By: Alexis M (2015 Team Member)
A few days ago, the Neema girls and staff hosted a Community Day. The property was decked out with three large tents and an impressive sound system that arrived in piecemeal on the back of a motorbike. We sat and listened to the Neema girls sing, heard a few words from local pastors, and watched performances from church choirs. This all culminated in a feast complete with an entire boiled cow. But none of this is why I will treasure the memories from Community Day. Don’t get me wrong, I clapped happily along with the songs, said my “Bwana Asifiwe’s” (Praise God in Swahili), and dished out chapati (Kenyan flatbread) on hundred’s of plates. BUT all of these experiences pale in comparison to the thing that happened before any of the celebration began….the welcoming of guests.
To watch our girls run down to the gate to greet their family, friends, and pastors made my heart swell with happiness. The pure joy in their smiles and the light in their eyes was so evident as they led their loved ones proudly down the path to their seats in the tent. This may seem like a small thing, but some of these girls are welcoming people who have rejected them or treated them as outcasts and counted them as worthless. On this day family members and community members extended the simple gesture of showing up. However, this translates into a monumental gesture of their acknowledgement and celebration of the Neema student they represent. Many of these girls had lost their community before coming to Neema. It was an immense joy to watch them welcome their community to a place where they are learning, growing spiritually, healing, and succeeding with humble spirits yet heads held high.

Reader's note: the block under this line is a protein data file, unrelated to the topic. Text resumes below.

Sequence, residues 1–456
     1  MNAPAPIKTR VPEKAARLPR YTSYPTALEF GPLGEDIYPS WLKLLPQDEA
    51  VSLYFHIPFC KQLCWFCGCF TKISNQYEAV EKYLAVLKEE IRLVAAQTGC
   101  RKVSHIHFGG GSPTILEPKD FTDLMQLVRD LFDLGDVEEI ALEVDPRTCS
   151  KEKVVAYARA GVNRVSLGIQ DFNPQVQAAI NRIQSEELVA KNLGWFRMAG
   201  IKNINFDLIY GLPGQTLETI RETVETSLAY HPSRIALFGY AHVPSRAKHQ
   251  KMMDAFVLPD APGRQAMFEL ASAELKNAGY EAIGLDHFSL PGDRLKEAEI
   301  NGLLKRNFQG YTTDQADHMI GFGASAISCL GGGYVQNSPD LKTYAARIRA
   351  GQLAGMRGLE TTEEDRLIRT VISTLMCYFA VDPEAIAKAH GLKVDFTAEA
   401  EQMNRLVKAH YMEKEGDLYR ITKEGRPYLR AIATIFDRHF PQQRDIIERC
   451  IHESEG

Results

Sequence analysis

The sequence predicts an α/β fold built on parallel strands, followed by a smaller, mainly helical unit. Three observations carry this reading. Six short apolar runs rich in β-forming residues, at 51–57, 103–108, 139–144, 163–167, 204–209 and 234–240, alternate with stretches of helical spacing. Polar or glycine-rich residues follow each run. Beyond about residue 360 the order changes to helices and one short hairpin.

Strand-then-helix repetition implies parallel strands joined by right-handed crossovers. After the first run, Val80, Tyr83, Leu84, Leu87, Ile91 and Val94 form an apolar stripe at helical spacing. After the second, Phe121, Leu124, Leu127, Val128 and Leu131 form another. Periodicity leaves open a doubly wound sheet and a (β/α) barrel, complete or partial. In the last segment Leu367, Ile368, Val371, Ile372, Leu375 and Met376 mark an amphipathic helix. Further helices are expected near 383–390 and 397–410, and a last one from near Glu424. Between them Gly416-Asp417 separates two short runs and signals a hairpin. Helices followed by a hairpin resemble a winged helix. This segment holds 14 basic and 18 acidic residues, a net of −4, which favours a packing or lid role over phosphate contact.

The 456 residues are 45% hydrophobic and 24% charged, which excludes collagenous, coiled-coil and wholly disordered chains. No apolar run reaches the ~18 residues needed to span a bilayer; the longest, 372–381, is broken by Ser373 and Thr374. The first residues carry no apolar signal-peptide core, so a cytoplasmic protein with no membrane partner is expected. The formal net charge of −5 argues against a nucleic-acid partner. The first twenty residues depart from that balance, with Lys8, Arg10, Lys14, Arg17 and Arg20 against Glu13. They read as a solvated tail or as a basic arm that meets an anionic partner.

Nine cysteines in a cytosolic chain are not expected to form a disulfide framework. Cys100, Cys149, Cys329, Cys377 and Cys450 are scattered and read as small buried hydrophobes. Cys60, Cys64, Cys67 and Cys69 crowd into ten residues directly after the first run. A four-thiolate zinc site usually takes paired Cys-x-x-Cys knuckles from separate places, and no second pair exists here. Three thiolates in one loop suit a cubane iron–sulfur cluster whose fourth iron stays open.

We are broken individuals without community. And our communities are broken if we discount and ignore the outcasted and oppressed. 1 Corinthians 12:26 says “[The body is a unit]….If one part suffers, every part suffers with it; if one part is honored, every part rejoices with it.” I rejoice in the fact that Community Day honors the Neema girls.